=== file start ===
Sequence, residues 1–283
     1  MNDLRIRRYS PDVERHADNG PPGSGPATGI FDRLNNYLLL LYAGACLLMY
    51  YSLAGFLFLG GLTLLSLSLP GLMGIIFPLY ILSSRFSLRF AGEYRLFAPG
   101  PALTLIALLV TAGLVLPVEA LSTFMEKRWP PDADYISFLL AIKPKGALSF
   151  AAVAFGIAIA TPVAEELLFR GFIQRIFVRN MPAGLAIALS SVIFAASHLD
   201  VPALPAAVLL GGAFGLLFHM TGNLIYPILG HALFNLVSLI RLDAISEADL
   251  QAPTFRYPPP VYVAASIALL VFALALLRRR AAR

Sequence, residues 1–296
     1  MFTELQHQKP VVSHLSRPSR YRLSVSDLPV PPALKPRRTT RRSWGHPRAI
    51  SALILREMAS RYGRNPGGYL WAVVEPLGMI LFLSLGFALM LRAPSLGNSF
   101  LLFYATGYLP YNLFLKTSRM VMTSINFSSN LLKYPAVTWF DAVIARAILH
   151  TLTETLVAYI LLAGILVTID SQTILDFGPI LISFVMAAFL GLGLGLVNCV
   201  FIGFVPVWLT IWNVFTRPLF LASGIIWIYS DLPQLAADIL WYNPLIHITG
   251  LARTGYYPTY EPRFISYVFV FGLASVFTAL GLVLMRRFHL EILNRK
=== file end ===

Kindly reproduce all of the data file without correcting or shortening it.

Sequence, residues 1–283
     1  MNDLRIRRYS PDVERHADNG PPGSGPATGI FDRLNNYLLL LYAGACLLMY
    51  YSLAGFLFLG GLTLLSLSLP GLMGIIFPLY ILSSRFSLRF AGEYRLFAPG
   101  PALTLIALLV TAGLVLPVEA LSTFMEKRWP PDADYISFLL AIKPKGALSF
   151  AAVAFGIAIA TPVAEELLFR GFIQRIFVRN MPAGLAIALS SVIFAASHLD
   201  VPALPAAVLL GGAFGLLFHM TGNLIYPILG HALFNLVSLI RLDAISEADL
   251  QAPTFRYPPP VYVAASIALL VFALALLRRR AAR

Sequence, residues 1–296
     1  MFTELQHQKP VVSHLSRPSR YRLSVSDLPV PPALKPRRTT RRSWGHPRAI
    51  SALILREMAS RYGRNPGGYL WAVVEPLGMI LFLSLGFALM LRAPSLGNSF
   101  LLFYATGYLP YNLFLKTSRM VMTSINFSSN LLKYPAVTWF DAVIARAILH
   151  TLTETLVAYI LLAGILVTID SQTILDFGPI LISFVMAAFL GLGLGLVNCV
   201  FIGFVPVWLT IWNVFTRPLF LASGIIWIYS DLPQLAADIL WYNPLIHITG
   251  LARTGYYPTY EPRFISYVFV FGLASVFTAL GLVLMRRFHL EILNRK